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|.375 Ruger (9.5×65.5mm)|
|Place of origin||USA|
|Case type||Rimless, bottleneck|
|Bullet diameter||.375 in (9.5 mm)|
|Neck diameter||.405 in (10.3 mm)|
|Shoulder diameter||.515 in (13.1 mm)|
|Base diameter||.532 in (13.5 mm)|
|Rim diameter||.532 in (13.5 mm)|
|Rim thickness||.050 in (1.3 mm)|
|Case length||2.580 in (65.5 mm)|
|Overall length||3.340 in (84.8 mm)|
|Case capacity||99.0 gr H2O (6.42 cm3)|
|Rifling twist||1-12" (304.8 mm)|
|Primer type||Large rifle|
|Maximum pressure (SAAMI)||62,000 psi (430 MPa)|
|Maximum pressure (CIP)||62,004 psi (427.50 MPa)|
|Test barrel length: 23|
The .375 Ruger (9.5×65.5mm) is a rimless, standard-length rifle cartridge designed for the hunting of large dangerous game. It is designed to provide an increase in performance over the .375 H&H cartridge, yet to be chambered in a standard length action rifle. The cartridge was designed in partnership, by Hornady and Ruger. In 2007, it was released commercially and chambered in the Ruger Hawkeye African and the Ruger Hawkeye Alaskan rifles.
Like the .376 Steyr that originates from the 9.3×64mm Brenneke and the .375 Dakota proprietary cartridge that originates from the .404 Jeffery, the .375 Ruger was designed to compete with the .375 H&H Magnum, yet have the advantage of having a rimless, beltless case and can function through a standard-length bolt action rifle due to a shorter overall length.
The .375 Ruger uses a unique cartridge case designed by Hornady and Ruger. The case is of a rimless design having the base and rim diameter of .532 in (13.5 mm) which is the same diameter of the belt on belted magnum cases based on the .300 H&H Magnum and .375 H&H Magnum. This allows the cartridge to have a greater case capacity than a belted magnum case given cases of equal length. As Ruger intended the cartridge to be chambered in standard length bolt-action rifles the case length was kept to 2.580 in (65.5 mm) which is only .04 in (1.0 mm) longer than the .270 Winchester case. The maximum overall length of the cartridge is 3.340 in (84.8 mm) which is similar to the maximum overall length to standard length cartridges such as the .338 Winchester Magnum or the .30-06 Springfield. Unlike Remington Ultra Magnum cartridges, the Ruger Magnums can be chambered in standard length bolt-action rifles. This allowed Ruger to chamber the cartridge without extensively redesigning their M77 rifle to adopt them to the new Ruger cartridge.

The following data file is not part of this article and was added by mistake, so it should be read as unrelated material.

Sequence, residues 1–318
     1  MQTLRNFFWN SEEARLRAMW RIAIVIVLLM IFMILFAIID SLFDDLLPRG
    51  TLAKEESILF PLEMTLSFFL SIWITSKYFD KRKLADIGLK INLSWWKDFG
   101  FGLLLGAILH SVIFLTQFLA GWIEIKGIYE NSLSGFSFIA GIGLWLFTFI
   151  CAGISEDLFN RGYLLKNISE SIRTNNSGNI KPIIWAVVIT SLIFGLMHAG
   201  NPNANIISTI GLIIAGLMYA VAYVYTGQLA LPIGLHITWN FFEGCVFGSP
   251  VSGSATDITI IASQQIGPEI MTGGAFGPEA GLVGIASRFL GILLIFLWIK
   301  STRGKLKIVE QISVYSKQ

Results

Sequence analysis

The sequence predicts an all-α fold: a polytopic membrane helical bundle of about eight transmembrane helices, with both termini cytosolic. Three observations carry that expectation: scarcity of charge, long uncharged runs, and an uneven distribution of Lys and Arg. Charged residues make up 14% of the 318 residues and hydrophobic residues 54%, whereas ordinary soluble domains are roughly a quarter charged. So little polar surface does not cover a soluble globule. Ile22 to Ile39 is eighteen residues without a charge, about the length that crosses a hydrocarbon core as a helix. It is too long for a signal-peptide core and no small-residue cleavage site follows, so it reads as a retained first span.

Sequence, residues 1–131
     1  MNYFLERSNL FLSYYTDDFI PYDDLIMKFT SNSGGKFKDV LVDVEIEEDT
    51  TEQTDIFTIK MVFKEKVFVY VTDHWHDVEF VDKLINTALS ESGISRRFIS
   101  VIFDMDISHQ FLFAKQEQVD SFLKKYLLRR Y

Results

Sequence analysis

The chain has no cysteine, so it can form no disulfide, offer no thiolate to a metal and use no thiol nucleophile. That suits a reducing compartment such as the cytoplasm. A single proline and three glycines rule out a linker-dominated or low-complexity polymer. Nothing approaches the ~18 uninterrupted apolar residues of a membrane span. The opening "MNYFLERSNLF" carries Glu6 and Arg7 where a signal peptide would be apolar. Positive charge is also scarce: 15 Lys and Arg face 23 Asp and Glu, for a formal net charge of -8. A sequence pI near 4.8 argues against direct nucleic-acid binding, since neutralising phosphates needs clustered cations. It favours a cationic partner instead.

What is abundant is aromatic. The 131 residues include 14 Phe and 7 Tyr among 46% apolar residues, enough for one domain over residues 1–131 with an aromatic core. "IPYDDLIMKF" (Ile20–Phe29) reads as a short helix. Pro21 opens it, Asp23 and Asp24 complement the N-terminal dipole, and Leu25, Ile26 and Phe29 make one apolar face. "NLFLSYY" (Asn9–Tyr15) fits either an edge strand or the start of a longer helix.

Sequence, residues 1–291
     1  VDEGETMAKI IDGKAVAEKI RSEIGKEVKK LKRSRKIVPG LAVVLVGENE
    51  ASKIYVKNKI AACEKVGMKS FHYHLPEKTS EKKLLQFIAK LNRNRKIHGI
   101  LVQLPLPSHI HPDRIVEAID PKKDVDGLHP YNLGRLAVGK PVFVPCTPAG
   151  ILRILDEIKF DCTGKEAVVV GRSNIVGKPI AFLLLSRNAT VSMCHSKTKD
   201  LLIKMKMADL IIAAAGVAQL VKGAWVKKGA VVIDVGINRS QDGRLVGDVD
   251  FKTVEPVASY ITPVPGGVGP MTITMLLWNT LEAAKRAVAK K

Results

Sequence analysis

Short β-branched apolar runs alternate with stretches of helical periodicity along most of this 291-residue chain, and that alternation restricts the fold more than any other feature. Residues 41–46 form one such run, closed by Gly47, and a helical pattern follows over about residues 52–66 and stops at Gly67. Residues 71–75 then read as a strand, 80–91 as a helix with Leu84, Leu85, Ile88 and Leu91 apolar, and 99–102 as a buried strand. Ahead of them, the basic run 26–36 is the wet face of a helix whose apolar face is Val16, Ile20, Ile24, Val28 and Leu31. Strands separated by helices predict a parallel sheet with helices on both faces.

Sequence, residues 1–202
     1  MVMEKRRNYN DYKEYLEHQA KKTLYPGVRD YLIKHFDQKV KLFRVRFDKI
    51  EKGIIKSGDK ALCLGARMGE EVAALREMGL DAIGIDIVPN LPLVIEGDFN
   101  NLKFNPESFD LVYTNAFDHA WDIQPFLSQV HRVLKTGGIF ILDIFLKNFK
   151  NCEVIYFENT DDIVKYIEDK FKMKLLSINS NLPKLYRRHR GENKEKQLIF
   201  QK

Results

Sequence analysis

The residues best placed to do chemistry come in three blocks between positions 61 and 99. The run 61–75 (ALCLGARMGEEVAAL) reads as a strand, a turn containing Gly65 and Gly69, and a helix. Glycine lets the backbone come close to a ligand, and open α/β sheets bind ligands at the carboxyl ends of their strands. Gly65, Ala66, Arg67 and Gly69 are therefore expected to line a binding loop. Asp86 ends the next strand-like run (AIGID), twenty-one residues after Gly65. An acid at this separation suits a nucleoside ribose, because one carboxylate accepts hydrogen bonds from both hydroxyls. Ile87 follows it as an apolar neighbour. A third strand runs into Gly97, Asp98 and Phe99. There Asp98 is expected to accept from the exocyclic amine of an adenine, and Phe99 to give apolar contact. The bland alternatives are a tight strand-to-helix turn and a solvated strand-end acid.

While the .375 H&H Magnum is longer than the .375 Ruger, the latter cartridge has a greater case capacity than the Holland & Holland cartridge. This is due to the .375 H&H Magnum having a long tapered body while the .375 Ruger follows modern cartridge designs in that it has very little taper and a sharper shoulder. The case capacity of the .375 Ruger is 99 gr. of water (6.42 cm3) while the .375 H&H Magnum has a case capacity of 95 gr. of water (6.16 cm3), an increase of 4%.
Cartridge standards for the .375 Ruger were issued by SAAMI in June 2007. SAAMI recommends a 6 groove barrel having a bore Ø of .366 in (9.3 mm) and a groove Ø of .376 in (9.6 mm) with a groove width of .115 in (2.9 mm). The recommended rate of twist is one revolution in 12 in (304.8 mm). Recommended maximum pressure for the cartridge is 62,000 psi (4,300 bar).